We took our JR passes and booked it over to Osaka. We wanted to see some amazing stuff that we saw on No Reservations.
At the train station I was very excited to see and then taste Fanta "Moo Moo White". Akebono did a promotion for them this past year, and I hadn't seen it in the States or Taiwan. Now that I've had some, I don't ever need to taste it again. It tastes somewhat like carbonated Yakult, and I like to keep my fizz and my probiotics separate.
Train stations provide much visual stimulus. We weren't even to our destination yet and I kept finding fabulousness. Like this guy, the mascot of the city of Nara. He looks like a fabulous deity -- some incarnation of the Buddha. Nope. He's Sento-kun, a newish cobbled together mascot who is ticking a lot of people off.
More train riding:
One of my favorite things in Osaka was the Open Air Museum of Japanese Farm Houses. Twelve antique farm houses from different regions of Japan were relocated here, beginning in the 1960s. Each house is set in its own small landscape. Because each is made of wood and most have thatched roofs, a pail of water stands ready within.
Where possible, the houses are outfitted with period furniture. It was a misty, rainy day, and for that reason it is easier to imagine the period in which these buildings were in active use.
The thatched roof below was producing roof iris. I had never heard of such a thing. This is the view from a vintage tea house, and these bamboo benches were pretty fabulous.
From here we went to Osaka proper. Osaka is full of downright goodness. Check out the signage and wires.
This is Sammy's Ebisu. I'm so sad it closed.
This is across the street. It's Karl! Eating my favorite flavor of Karl, light salt.
Osaka is famous for its tako yaki (for you scandinavians, imagine octopus aebelskiver. everyone else imagine octopus donut holes with savory sauce). Who could resist the lure of a flaming baby with taro horns offering you a piping hot sixer of tako yaki?
Again, the lure of the flaming baby. Mrguy and I shared six and then went off in search of more.
As I mentioned, Osaka is chock full of visual stimulus.
We knew we needed more sustenance before venturing out of the neighborhood, so we had twelve more tako yaki at this place on the street. The photos below are to the street and to the back of the restaurant. The tako yaki were yummy.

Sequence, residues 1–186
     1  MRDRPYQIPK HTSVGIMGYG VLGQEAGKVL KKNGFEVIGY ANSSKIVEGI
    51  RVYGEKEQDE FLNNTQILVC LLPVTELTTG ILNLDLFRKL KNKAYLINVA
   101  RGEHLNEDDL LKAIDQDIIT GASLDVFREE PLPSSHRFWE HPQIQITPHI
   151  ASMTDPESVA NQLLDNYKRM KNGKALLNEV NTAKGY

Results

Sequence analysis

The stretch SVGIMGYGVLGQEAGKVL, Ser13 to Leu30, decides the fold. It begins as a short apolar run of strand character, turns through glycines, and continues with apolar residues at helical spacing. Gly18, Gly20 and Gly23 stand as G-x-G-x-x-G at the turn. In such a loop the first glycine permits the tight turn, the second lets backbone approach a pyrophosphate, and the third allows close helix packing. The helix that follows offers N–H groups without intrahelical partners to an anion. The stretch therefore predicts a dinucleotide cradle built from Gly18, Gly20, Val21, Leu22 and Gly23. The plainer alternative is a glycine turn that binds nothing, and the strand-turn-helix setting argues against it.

One of our goals in Osaka was to find the original cat cafe. On the way to find it, I saw this sign and figured it was a cat cafe. Mrguy wasn't sure (what if it was something unsavory?) but if it was I wanted to see it anyway! We went up in the teensy two-person elevator and found the hippie cat cafe.
Here we are. Inside, for ten bucks you get a beverage and a room full of cats.
This is the traditional greeting. Multiple cats scamper over each other to be the first one to smell the feet of newcomers. I hadn't changed my socks from the day before so they got an extra treat. You find a spot to sit in, and then your beverages come and the cats start to ignore you.
There are cats in bowls.
This cat is in charge of the sink.
This is the view from our seat. My original greeter is in the center of this photo. A kitten sits near the front door. See the light blue hamper under the bookshelf? There is a cat asleep in that also.
What you can't get from these photos is the ambiance. A couple sat on a small sofa with a cat visiting with them on a table. The cat, a Maine Coon, was so vast that he lapped over the table. Another couple sat behind an Indian screen. They ignored the cats and read magazines the entire hour we were there.
On the sound system was the Nonesuch Explorer Series recording of the Ramayana Monkey Chant, followed by what, on vinyl, is side two: twenty minutes of gamelan. I have that record! Funny.
Mrguy wanted to take me to America Mura, so we went. I expected to find it touristy and awful, and it had some great stuff including a store called Drum & Bass. This place is crammed full of Reggae 45s from Jamaica, recorded in the 70s. Mrguy was just about cross-eyed with the abundance. I was disappointed that he didn't buy any vinyl, but he did buy an awesome compilation CD that he loves.
Seems impossible, but we did more stuff. We had heard about a brewery run by women called Minoh. A bar called Beer Belly sells Minoh, so we went there for some beer and another bite to eat. We ate in a hallway that was essentially a passageway between two rooms. For those who care, the Minoh Double IPA tasted a little like a Luden's cough drop. The weisen is very nice.